10 Colleges Where Early Applicants Have an Edge


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At some colleges, early applicants are accepted at significantly higher rates than those who apply by the regular decision deadline.

Undergraduate admissions experts say one reason for this phenomenon is that students who feel confident in their admissions chances are more likely to apply early than their peers who feel less sure of themselves. In addition, student-athletes recruited by a college are highly likely to apply to that school early, and these applicants tend to have a major leg up in the college admissions process.

Experts add that some, but not all, colleges that offer early admissions programs are more receptive to early applicants. A preference for early applicants is common at schools that offer binding early decision programs, where applicants commit to attend if they are accepted. However, at colleges with nonbinding early action programs, where admitted applicants aren’t required to make the commitment to enroll, there may not be a significant advantage to applying early, experts say.

[ See: 10 Things to Know About College Early Admissions Programs.]

Nevertheless, an analysis of fall 2018 admissions statistics from the 285 ranked colleges that reported both early and regular acceptance rates to U.S. News in an annual survey reveals where early applicants had the biggest advantage. Among the 10 colleges where average early decision or action acceptance rates exceeded regular acceptance rates by the greatest margin, the average difference was 57.6 percentage points.

On the flip side, at some colleges the difference between early and regular admissions odds was minimal. For example, at Palm Beach Atlantic University in Florida, the average early action acceptance rate for fall 2018 was 97.3%, and the regular decision acceptance rate was only 2.3 percentage points lower, at 95%.

[ Read: How to Know if You Should Apply to College Early.]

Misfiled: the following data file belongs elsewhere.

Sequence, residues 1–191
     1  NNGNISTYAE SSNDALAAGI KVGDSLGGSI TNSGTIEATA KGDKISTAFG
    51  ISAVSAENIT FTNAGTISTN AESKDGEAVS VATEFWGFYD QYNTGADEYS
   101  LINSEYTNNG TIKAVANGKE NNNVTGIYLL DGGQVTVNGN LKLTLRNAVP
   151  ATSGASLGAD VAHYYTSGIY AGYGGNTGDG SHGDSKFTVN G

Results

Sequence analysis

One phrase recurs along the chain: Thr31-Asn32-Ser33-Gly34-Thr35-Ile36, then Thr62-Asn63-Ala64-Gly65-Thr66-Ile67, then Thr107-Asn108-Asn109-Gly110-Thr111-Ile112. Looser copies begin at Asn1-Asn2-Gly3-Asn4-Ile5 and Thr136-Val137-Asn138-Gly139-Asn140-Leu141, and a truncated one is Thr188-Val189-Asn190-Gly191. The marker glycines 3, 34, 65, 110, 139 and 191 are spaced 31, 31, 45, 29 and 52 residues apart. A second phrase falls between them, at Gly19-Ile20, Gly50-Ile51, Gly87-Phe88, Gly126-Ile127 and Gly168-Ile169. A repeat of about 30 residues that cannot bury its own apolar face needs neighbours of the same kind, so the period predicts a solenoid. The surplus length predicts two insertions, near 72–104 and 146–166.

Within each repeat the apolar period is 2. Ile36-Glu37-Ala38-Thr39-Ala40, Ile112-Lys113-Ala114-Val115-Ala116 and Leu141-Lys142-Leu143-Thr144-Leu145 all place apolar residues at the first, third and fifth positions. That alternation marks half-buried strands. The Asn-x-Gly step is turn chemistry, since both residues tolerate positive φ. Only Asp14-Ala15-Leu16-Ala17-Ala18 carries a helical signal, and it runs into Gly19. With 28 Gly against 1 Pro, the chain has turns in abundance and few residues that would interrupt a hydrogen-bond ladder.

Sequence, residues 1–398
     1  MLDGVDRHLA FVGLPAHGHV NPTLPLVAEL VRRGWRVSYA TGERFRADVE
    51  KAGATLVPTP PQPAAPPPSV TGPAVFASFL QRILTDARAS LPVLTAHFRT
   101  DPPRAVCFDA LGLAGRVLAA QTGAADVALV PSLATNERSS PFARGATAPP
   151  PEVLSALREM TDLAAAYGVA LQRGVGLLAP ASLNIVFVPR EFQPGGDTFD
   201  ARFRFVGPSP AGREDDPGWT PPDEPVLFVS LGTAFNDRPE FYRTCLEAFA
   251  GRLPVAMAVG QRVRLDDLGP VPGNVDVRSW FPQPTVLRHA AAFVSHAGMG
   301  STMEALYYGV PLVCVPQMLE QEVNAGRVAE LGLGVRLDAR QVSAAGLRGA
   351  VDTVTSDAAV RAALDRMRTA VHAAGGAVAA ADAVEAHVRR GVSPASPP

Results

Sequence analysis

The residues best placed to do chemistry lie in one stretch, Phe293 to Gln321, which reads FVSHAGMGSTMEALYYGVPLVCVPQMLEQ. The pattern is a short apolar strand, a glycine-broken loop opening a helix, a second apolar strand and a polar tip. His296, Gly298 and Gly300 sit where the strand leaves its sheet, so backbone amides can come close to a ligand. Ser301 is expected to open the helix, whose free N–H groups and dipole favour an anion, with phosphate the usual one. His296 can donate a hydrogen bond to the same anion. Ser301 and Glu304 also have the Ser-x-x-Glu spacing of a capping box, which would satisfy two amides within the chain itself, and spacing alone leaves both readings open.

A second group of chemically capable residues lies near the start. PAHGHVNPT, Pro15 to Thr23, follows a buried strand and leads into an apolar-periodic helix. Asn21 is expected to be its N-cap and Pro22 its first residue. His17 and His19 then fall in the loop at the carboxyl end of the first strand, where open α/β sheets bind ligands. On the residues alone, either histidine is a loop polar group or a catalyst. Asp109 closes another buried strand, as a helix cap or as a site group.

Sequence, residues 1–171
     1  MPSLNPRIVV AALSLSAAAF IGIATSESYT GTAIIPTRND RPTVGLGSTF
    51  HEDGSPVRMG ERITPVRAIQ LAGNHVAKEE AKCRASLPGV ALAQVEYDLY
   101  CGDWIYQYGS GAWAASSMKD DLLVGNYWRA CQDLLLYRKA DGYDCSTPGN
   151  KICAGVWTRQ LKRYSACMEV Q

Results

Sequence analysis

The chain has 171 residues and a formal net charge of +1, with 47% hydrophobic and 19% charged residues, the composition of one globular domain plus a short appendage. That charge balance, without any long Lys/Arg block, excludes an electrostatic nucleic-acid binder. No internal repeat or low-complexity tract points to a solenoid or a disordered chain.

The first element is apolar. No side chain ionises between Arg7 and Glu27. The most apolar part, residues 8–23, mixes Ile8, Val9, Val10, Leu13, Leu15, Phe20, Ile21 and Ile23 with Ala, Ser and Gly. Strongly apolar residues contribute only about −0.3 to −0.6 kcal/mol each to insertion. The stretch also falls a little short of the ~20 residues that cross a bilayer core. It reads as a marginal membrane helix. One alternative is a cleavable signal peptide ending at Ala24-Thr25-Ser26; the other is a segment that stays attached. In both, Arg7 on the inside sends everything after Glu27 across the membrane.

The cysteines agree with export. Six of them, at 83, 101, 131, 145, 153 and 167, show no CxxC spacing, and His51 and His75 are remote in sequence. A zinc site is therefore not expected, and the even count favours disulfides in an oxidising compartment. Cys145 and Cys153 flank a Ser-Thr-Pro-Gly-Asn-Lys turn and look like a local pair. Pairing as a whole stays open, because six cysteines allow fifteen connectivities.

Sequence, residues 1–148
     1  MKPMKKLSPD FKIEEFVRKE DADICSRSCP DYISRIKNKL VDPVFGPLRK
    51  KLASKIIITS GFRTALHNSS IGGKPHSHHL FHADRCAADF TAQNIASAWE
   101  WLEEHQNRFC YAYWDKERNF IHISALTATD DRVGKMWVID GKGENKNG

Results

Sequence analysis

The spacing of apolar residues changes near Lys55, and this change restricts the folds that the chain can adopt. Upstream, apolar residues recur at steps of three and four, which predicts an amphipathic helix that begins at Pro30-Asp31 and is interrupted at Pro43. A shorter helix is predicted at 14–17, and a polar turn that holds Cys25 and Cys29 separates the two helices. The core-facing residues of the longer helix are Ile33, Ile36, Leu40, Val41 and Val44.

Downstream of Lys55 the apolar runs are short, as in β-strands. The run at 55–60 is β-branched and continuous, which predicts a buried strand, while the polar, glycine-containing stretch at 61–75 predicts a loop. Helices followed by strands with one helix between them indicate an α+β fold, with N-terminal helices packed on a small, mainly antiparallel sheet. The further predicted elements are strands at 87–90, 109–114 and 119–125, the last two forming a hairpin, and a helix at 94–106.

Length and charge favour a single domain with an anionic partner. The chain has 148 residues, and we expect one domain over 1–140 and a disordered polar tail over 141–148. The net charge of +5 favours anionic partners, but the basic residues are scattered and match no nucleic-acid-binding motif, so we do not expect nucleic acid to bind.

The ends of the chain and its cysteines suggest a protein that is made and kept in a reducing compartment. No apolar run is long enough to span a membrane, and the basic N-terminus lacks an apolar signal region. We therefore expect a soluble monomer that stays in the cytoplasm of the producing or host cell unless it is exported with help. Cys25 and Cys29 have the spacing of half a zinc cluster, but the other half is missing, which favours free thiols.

Per U.S. News data, early applicants in fall 2018 had the greatest advantage at the University of Tulsa in Oklahoma. The school admitted an average of 97% of early applicants, compared with just a quarter of regular decision applicants.

Below is a list of the 10 ranked colleges where early applicants had the greatest admissions advantage compared with regular applicants in fall 2018. Unranked schools, which did not meet certain criteria required by U.S. News to be numerically ranked, were not considered for this report.

School (state)

Type of early admissions program

Percent of early applicants admitted early*

Percent of regular applicants admitted

Difference in acceptance rates (percentage points)

U.S. News rank and category

*Some colleges defer some applicants to the regular admissions pool, where they have an additional chance of admittance, so the percentage of early applicants who are eventually accepted may be higher.

Don’t see your school in the top 10? Access the U.S. News College Compass to find early admissions statistics, complete rankings and much more. Sign up for the U.S. News Extra Help: College Admissions free email newsletter to receive expert advice twice a month.

U.S. News surveyed more than 1,900 colleges and universities for our 2019 survey of undergraduate programs. Schools self-reported myriad data regarding their academic programs and the makeup of their student body, among other areas, making U.S. News’ data the most accurate and detailed collection of college facts and figures of its kind. While U.S. News uses much of this survey data to rank schools for our annual Best Colleges rankings, the data can also be useful when examined on a smaller scale. U.S. News will now produce lists of data, separate from the overall rankings, meant to provide students and parents a means to find which schools excel, or have room to grow, in specific areas that are important to them. While the data come from the schools themselves, these lists are not related to, and have no influence over, U.S. News’ rankings of Best Colleges, Best Graduate Schools or Best Online Programs. The acceptance rate data above is correct as of Oct. 15, 2019.